Guyanas bounty could generate wealth for its neighbors as well through trade and other business. Exxon Mobil is already exploiting the Liza field, which has a capacity of 120,000 gross barrels per day (bpd) through the end of this year. Production from the Stabroek block is expected to achieve 750,000 gross bpd by 2025, when five floating production, storage and offloading facilities are slated to be fully online.

The transformation of this small country, which has been a gold producer, is anticipated to be huge. As an Amazonian country, Guyana is also engaged in environmental protection: a key requirement for new investments. A green state will emphasize the preservation and protection of the environment and the promotion of renewable energy, ecotourism and value-added production, President David Granger said last February.

Most of the Caribbean states, including Guyana, have implemented reforms making it simpler for medium and small domestic companies to do business, the World Bank notes. And while most of the region still needs to remove obstacles to entrepreneurship, Puerto Rico and Jamaica have made progress in this area. Most Caribbean states have undertaken tougher management of their public accounts, says Daniel Titelman, chief of Eclacs Economic Development Division, and have reduced their public debt: a path he hopes they will continue on in the future.

However, the improved macroeconomic landscape must compete with the regions main vulnerability: devastating natural events exacerbated by climate change, like the hurricane that devastated the Bahamas last year.

The regions exposure to climate risks continues to require strong policies, says Alejandro Werner, director of the Western Hemisphere Department at the IMF, in the funds January Latin America and Caribbean regional outlook report.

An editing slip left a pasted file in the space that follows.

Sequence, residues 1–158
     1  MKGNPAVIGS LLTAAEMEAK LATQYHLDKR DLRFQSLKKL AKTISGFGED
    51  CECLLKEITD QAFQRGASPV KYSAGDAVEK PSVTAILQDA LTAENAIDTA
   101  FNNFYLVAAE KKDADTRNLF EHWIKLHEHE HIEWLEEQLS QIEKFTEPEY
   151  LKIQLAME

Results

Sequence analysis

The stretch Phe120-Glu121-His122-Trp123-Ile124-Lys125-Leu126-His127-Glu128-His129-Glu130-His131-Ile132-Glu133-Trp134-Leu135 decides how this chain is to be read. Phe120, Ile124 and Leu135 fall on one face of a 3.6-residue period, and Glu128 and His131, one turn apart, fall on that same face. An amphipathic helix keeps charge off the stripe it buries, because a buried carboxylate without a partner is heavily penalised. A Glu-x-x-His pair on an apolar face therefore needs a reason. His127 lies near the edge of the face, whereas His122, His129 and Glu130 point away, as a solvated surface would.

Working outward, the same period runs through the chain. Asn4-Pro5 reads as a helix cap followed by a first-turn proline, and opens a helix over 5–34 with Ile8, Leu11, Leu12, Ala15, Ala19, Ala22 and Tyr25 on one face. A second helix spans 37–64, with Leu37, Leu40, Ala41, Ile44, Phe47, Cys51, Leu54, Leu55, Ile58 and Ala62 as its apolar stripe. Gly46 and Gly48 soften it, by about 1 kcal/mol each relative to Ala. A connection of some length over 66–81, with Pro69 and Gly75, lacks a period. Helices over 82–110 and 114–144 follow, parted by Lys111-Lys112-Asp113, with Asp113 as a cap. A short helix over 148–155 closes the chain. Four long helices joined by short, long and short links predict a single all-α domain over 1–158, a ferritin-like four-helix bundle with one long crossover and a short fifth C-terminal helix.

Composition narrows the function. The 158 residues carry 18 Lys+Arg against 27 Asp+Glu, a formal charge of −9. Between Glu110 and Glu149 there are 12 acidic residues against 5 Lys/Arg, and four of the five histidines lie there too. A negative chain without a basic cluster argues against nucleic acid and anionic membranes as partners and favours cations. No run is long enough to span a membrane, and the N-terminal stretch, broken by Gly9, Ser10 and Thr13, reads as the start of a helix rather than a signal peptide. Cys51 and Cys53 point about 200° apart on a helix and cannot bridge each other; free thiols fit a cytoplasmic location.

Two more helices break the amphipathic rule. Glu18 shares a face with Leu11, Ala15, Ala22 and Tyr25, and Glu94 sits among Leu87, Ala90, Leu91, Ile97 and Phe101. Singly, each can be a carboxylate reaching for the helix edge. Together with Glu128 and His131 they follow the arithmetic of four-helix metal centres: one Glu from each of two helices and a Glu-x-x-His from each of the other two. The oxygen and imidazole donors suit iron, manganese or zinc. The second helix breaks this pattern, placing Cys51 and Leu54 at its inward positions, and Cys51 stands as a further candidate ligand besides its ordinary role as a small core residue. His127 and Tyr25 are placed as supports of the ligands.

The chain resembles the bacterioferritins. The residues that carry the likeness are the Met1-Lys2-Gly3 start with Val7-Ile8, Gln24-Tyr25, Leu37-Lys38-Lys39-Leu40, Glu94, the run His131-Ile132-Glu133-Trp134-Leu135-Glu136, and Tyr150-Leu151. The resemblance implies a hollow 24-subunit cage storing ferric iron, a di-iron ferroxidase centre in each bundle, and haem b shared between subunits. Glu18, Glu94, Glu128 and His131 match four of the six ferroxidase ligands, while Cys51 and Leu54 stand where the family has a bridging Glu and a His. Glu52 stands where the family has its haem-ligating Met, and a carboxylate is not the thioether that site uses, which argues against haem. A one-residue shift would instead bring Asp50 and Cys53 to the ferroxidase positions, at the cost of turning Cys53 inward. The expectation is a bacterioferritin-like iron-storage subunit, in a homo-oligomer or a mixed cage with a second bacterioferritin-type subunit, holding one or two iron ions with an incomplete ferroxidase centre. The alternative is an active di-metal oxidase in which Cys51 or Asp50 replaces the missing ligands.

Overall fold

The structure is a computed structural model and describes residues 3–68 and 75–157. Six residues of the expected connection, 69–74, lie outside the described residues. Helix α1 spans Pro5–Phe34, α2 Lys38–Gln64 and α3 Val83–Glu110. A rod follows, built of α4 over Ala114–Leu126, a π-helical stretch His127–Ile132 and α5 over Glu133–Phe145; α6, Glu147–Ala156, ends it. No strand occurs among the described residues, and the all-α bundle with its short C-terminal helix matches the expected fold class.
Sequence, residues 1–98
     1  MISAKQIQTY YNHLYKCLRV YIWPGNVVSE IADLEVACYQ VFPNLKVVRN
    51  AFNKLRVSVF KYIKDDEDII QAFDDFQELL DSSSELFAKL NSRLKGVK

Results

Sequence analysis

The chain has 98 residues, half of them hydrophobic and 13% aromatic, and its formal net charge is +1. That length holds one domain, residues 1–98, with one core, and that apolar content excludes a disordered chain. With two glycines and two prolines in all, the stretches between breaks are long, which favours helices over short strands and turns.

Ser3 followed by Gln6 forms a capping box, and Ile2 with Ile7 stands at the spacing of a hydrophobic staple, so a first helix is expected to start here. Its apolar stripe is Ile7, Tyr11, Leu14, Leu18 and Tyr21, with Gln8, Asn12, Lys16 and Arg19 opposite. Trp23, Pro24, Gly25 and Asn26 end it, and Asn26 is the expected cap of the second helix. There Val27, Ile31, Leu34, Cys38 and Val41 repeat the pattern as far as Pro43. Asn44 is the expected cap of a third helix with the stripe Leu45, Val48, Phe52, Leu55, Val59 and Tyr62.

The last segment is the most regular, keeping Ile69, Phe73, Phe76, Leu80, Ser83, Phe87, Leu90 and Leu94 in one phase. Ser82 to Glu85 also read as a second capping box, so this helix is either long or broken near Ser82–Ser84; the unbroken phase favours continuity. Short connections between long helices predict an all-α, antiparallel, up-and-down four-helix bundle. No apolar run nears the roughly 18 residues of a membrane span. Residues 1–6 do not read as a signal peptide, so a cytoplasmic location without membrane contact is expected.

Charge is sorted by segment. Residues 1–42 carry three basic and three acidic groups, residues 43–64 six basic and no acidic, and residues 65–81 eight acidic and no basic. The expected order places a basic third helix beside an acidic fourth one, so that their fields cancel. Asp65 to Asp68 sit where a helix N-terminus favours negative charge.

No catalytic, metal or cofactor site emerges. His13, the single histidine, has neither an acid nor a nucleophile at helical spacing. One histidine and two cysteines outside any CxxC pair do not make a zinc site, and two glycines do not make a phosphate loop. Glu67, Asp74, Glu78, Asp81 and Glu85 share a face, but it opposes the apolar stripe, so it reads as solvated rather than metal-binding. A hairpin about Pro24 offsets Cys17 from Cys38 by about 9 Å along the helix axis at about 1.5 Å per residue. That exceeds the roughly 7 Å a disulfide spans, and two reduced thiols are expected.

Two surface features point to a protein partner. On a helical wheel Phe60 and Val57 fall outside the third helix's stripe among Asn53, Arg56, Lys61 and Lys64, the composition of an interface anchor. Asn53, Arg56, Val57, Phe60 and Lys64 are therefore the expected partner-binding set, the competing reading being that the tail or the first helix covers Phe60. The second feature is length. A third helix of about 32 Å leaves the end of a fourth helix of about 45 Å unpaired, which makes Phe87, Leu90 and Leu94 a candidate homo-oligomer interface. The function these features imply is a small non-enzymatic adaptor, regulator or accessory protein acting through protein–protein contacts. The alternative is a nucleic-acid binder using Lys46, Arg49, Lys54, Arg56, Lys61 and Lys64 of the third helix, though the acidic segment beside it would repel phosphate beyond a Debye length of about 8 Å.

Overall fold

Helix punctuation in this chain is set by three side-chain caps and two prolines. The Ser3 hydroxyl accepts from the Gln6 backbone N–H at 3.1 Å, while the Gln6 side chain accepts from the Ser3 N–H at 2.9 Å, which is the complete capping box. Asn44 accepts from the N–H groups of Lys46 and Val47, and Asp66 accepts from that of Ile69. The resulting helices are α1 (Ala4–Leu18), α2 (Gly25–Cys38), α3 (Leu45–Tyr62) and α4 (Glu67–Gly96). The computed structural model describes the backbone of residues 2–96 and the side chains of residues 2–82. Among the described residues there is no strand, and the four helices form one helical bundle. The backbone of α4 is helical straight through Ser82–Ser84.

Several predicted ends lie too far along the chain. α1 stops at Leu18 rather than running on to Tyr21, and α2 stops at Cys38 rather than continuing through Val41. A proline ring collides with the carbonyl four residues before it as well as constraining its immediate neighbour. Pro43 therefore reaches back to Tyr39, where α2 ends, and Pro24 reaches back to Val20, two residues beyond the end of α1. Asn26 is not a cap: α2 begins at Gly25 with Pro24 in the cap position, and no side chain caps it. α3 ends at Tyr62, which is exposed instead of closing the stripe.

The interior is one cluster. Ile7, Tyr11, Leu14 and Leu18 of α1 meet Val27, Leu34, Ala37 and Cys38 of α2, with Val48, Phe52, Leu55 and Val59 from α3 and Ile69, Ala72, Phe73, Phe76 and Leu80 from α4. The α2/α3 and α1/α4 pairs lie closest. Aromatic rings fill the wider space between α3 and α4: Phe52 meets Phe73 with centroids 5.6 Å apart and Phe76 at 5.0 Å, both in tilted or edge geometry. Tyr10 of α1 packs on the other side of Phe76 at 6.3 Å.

Tourism is especially sensitive to climate events. The Caribbean Hotel and Tourism Association is expecting a profitable year, especially in countries that were affected by the disasters of 2017 and have since rebuilt and bolstered their infrastructure to withstand future storms. Antigua and Barbuda are projected to grow 6.5% and Grenada 4%.

But the Bahamas, still recovering from last Septembers tragedy, will suffer negative 0.6% growth, according to Eclac. The Cuban economy, weakened by US bans reinstated in 2017 and implementation of Title III of the Helms-Burton Act, rendering foreign investment in the island risky, will grow only 0.5%. Cuba is also facing an oil shortage, as US sanctions against Venezuela have deprived the country of more than 50% of the fuel it needs.

Projections for the regions commodities-exporting countries are not so dire: They at least will improve their growth performance over last years 2% drop. But with prices and demand for oil and gold going down, Suriname should grow just 1.7%, down from 2.1% in 2019.

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Spotlight On The Caribbean: Changing Weather - Global Finance